"AS UNORTHODOX AS THE SAVIOR HIMSELF"
DEAR BROTHER RUSSELL:--
As I years ago had my name struck off the membership roll of Christ Church (Anglican), Chatham, Ontario, because I no longer believed its teachings and thought it not honest to be longer identified with that body, so, now, I desire my name to be enrolled as a joyful follower in the footsteps of Our Lord Jesus Christ--"in the Lamb's Book of Life."
From the time of severing my old connection up to a few months ago I was in darkness. I knew that in the Lord's good time and in His own good way all would be well with His world; but all of the alleged churches with their God-dishonoring and antagonistic doctrines repelled me. A well-known preacher of Macleod, Alta., sneeringly suggested that I would better start a church of my own so as to have one to suit me. I told him I did not think that would be necessary, but that if I ever found any body of Christians whose belief I could hold in my heart and soul, and not only with my lips, I would assuredly apply for membership in that body even though they were as "unorthodox" as the Savior Himself. And here I am!
Since receiving a copy of THE WATCH TOWER with "Where Are the Dead," etc., in February last, I have read five and a half of your six books of SCRIPTURE STUDIES, then--with them at hand--I read the Bible through in a new and marvelously clearer light for which, after God, I thank you. Many of your Bible Students Monthlies also I have read--and, as you may imagine, very little else. Beyond the merest scanning of the daily paper, I have no time from my belated study of God's Word to devote to other reading.
In this world's goods I am a poor man, but I am richer with the glorious knowledge of God's Word that has come to me than I ever hoped to be rich. As I told an acquaintance recently, I would not if I could trade the knowledge of the Truth that I have received in the past few months for all the money in the world. And, as the dear man had recently buried his wife, I passed on to him "Where Are the Dead?"
My wife, I regret to say, is not a believer. I would not class her as an "unbeliever," but she is stronger for the so-called orthodox and accepted faith than for a personal faith based upon a personal searching of the Scriptures. The friction, however, will undoubtedly work out for the best. Her health is poor, and I spend every possible moment at home, but studying the Word of Truth.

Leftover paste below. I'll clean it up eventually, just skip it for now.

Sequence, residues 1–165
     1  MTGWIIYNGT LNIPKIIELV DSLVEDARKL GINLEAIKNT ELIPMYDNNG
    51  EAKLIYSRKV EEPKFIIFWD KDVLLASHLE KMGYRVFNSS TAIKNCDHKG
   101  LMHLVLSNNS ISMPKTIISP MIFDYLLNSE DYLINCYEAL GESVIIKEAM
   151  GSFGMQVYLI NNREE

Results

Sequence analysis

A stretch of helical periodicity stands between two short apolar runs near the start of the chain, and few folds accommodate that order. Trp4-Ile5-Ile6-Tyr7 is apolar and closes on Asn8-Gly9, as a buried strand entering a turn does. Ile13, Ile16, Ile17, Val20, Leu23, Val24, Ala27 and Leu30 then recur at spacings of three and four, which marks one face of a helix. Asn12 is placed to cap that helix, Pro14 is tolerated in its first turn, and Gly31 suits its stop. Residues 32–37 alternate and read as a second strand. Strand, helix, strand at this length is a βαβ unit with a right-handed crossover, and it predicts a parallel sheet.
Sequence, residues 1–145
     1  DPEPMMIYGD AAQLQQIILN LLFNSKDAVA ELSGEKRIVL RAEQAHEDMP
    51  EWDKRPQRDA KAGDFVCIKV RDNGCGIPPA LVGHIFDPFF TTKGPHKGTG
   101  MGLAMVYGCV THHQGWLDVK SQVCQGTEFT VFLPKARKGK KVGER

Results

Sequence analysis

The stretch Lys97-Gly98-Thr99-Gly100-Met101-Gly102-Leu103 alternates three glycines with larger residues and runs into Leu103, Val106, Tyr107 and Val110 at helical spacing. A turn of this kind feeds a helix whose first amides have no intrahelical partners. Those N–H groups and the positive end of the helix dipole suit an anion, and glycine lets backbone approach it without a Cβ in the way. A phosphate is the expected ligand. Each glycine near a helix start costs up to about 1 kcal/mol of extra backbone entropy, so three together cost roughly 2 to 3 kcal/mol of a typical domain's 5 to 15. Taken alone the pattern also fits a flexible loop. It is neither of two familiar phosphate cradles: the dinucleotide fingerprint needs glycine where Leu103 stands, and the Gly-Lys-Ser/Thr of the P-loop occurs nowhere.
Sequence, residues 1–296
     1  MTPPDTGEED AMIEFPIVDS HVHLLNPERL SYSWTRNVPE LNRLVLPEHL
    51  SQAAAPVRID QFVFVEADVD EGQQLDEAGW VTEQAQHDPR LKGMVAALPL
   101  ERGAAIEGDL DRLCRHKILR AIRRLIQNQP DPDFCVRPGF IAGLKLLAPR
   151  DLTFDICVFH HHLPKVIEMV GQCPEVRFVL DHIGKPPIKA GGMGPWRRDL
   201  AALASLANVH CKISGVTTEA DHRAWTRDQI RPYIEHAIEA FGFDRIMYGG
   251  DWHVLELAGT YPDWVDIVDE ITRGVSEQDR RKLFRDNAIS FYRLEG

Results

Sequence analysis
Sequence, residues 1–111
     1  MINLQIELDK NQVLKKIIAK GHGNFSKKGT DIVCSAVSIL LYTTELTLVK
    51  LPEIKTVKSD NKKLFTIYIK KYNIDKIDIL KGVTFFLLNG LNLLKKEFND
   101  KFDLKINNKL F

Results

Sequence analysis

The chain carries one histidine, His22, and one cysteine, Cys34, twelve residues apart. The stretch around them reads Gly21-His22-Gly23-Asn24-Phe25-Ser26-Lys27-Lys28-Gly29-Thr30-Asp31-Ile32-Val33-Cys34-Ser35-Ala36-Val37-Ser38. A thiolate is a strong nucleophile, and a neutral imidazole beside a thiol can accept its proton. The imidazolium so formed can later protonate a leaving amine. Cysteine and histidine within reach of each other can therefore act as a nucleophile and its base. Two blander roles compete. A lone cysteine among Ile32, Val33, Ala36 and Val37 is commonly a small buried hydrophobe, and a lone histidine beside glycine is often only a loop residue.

Several of the brethren here I know, and though there is no doubt that my "godfathers and my godmothers" did their best for me in infancy, according to their light, yet I propose to arrange to be baptized.
I trust that you will pardon the unseemly length of this letter, which has really grown far beyond my intention, beyond your time, but not, I hope, beyond your forbearance.
Your loving brother in the Lord,
ROBT. S. SMYTH.
"THE LIGHT THAT IS IN THEE"
Question.--Please explain the statement, "If the light that is in thee be darkness, how great is that darkness!"
Answer.--Apparently our translators have failed to get the Master's thought; hence the bungling statement troubles the English reader. Manifestly it is absurd to say that a light in a person is darkness. If it is light it cannot be darkness; if it is darkness it cannot be light.
In Volume V., STUDIES IN THE SCRIPTURES, we have endeavored to give the correct thought without taking time for discussion. On page 264 we render it thus: "If the light that is in thee become darkness [be extinguished], how great is that darkness." Evidently the darkness would be greater to the person who had once had the light and who had lost it than to the person who had never had it.
In Volume V., STUDIES IN THE SCRIPTURES, page 294, we quote the passage, "If the light that is in thee be [become] darkness, how great is that darkness." The paraphrasing here is still different, but gives exactly the same thought, that light was once enjoyed and darkness displaced it.
A very good translation of the entire passage reads: "The lamp of the body is the eye. If your eye is unclouded your whole body will be lighted up; but if your eye is diseased your whole body will be dark. And if the inner light become darkness, how intense must that darkness be!"
Our Lord was showing the importance of a proper spiritual sight, in order to discern Truth clearly. Originally man had a clear eye, mental as well as physical. By reason of sin his discernment of right and wrong has been more or less blurred, and some are totally blind to the deeper and spiritual things. As St. Paul says, "The god of this world hath blinded the minds of all who believe not." (2 Corinthians 4:4.) Again St. Paul prays for the Church, "I pray God for you,...that the eyes of your understanding opening, ye may be able to comprehend what is the hope of His calling," etc. (Ephesians 1:15-18.) This is the same thought which our Lord sets forth. Whether the darkness is that which came by the fall of the natural man or whether it be a darkness which comes upon the Christian after having been once enlightened--either way--the darkness is the greater by reason of whatever light we once enjoyed.